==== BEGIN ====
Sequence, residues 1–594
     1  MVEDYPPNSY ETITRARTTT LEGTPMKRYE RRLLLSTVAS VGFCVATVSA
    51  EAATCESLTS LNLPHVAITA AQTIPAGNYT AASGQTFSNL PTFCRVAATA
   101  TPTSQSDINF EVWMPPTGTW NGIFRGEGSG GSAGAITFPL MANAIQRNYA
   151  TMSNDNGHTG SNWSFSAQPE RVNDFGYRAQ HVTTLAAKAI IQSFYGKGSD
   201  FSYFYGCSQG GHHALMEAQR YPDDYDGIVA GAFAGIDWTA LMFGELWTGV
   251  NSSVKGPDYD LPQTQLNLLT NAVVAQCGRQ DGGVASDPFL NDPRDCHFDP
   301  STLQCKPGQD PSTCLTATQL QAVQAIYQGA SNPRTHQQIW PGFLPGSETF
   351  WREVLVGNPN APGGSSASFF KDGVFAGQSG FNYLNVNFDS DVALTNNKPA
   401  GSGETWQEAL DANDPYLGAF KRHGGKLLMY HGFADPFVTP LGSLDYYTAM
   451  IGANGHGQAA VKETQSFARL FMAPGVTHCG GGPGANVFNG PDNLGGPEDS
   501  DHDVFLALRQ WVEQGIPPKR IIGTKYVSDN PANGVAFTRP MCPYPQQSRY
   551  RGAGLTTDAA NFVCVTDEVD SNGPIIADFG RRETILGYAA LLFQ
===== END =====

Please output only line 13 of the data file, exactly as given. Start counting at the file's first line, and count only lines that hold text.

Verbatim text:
   551  RGAGLTTDAA NFVCVTDEVD SNGPIIADFG RRETILGYAA LLFQ